, attached to 1985-11-23

Review by kipmat

kipmat From The Phish Book, p. 140-143:

Mike: "I had my peak musical experience of all time during a gig at Goddard College in November 1985. At the time I was an engineering student pondering a transfer to film. I'd just completed a series of tests, and the pressure was temporarily off me. The entire week was a peak experience of sorts. I'd played jazz bass solos for the first time in my life during an open-mike gig with [Jazz Mandolin Project leader] Jamie Masefield, the night before our Goddard cafeteria dance. The snow had just fallen for the first time that fall the night we played, but it was still fairly warm outside. Located out in the middle of the woods, Goddard was something of an anti-institution at the time. Only about fifty people were on campus the night we played, and of the ten people who came to the dance, eight left after the first set. This was an official college event, so not coming definitely made some sort of statement.
We set up in the school cafeteria, part of which consisted of one of those circular rooms in which you can hear whispers traveling around the walls. Jeff was still in the band, and we all faced each other in a circle. We were playing two kinds of gigs at the time: either loose gigs with great jams or tight gigs were we got the (chord) changes right - but never at the same time. Our light show consisted of one red floodlight, one yellow flood, and one green flood. A couple of band members began playing while we were still setting them up, and I knew even before picking up my instrument that this gig would be infinitely tight and loose at the same time. The sun was setting, and it looked perfectly white and tranquil outside. During the first set we played "Wild Thing" and a few other songs that had been scrawled on the blackboard we set up for requests.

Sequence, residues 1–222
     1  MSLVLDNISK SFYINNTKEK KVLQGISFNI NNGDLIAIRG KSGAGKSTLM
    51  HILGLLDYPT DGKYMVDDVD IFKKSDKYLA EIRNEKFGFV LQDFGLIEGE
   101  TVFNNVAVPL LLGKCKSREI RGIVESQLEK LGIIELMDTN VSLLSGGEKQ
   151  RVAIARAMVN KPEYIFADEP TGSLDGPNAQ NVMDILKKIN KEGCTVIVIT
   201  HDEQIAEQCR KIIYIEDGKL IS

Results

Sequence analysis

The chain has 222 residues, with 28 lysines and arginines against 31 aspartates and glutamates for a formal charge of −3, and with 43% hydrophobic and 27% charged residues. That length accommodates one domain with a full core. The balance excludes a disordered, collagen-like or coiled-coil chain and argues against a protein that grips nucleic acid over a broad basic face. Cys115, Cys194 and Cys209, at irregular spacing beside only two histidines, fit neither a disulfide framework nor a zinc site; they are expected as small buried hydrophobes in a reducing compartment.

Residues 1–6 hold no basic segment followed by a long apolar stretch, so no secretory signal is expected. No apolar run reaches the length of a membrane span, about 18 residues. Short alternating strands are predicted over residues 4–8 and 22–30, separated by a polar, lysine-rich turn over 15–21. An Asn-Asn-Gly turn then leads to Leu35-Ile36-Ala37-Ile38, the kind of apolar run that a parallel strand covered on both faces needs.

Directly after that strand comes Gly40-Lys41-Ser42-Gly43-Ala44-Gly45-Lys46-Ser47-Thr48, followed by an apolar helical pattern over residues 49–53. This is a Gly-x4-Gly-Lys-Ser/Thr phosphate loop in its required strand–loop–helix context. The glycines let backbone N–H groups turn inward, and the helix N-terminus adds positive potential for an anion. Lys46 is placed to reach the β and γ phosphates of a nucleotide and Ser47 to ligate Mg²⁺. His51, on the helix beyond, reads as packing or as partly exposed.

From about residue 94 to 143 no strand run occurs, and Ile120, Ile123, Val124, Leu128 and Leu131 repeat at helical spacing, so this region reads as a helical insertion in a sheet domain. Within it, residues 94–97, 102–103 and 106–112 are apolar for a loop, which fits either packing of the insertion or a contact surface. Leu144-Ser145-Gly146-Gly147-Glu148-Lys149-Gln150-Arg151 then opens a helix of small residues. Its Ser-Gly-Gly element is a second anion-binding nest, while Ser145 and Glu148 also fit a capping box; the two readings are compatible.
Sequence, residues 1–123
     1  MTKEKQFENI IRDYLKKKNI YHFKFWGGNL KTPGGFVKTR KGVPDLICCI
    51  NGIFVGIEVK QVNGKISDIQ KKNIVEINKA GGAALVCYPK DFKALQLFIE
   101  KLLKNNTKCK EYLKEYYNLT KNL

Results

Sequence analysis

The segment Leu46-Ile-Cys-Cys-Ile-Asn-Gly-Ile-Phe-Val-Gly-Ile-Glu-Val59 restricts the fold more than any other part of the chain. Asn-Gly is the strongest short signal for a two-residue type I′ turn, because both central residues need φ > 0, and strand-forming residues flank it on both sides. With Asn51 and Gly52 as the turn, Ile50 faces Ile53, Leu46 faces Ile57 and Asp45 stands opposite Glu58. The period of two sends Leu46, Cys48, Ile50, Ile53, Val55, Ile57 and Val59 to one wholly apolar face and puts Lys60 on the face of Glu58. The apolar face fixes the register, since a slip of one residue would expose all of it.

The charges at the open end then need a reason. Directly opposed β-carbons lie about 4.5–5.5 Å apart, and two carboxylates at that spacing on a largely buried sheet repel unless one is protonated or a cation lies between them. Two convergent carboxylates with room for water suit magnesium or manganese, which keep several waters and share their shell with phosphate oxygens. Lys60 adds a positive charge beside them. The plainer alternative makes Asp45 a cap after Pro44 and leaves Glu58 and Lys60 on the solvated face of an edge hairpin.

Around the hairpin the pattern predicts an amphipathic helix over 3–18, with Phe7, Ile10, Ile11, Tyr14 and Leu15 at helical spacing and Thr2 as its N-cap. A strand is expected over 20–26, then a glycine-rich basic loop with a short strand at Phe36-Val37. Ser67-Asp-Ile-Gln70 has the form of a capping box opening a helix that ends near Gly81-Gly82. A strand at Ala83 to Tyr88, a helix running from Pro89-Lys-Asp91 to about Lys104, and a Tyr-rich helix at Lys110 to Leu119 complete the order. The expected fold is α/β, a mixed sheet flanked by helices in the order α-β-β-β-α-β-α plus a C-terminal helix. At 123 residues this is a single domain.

We went out into the hallway and passed a joint around with some strange people after the first set. I got really, really high, and as the rest of the band returned to the cafeteria, I realized that I couldn't stand up. When I finally did, I just sort of glided like a hovercraft back downstairs. Jeff was playing volume swells on his guitar, which I thought was the most incredible sound I'd ever heard. We turned off all the lights, and I started jumping up and down with the beat, not caring how I looked for perhaps the first time in my entire life. as we jammed, I felt more spiritually in tune than ever before. i felt at one with the building, wall outlets, chandeliers, and these people I loved. as we kept jamming, my ecstatic state didn't diminish no matter how I played or what style we played in. At one point I had a vision of Trey standing beside me in white tails with a pocket watch, as if we were performing during the 1920's.
The whole experience was like viewing a huge well-lit room after having been blind. I felt completely illuminated. I decided then and then there to start a journal, and I've kept one ever since. The first two volumes were completely about that experience, then they branched off to concern related experiences of life, art, and music. How do music and art help me and others to actualize ourselves? What's the formula, if there is one? What conditions make it most likely to occur?
I was more like myself that show than ever before, but I was also part of Phish, five people in a circle who seemed to hover above the forest and move slowly through the trees. I wandered into the woods after the second set and decided never to return. Yes, film-making was better than engineering. But film had nothing on the musical experience I'd just had, and I was afraid I'd never be able to recapture it. So why bother? When I did return, the rest of the band decided to play another set. I was terrified another set would soil my past experience, but it turned out to be just as great! We played for hours to the two or three people listening to us in the darkness. I decided my goals in life were to live in the woods, travel around from city to city, and try to replicate the experience I'd just had as often as possible. The whole gig's on tape, but I'll probably never listen to it."


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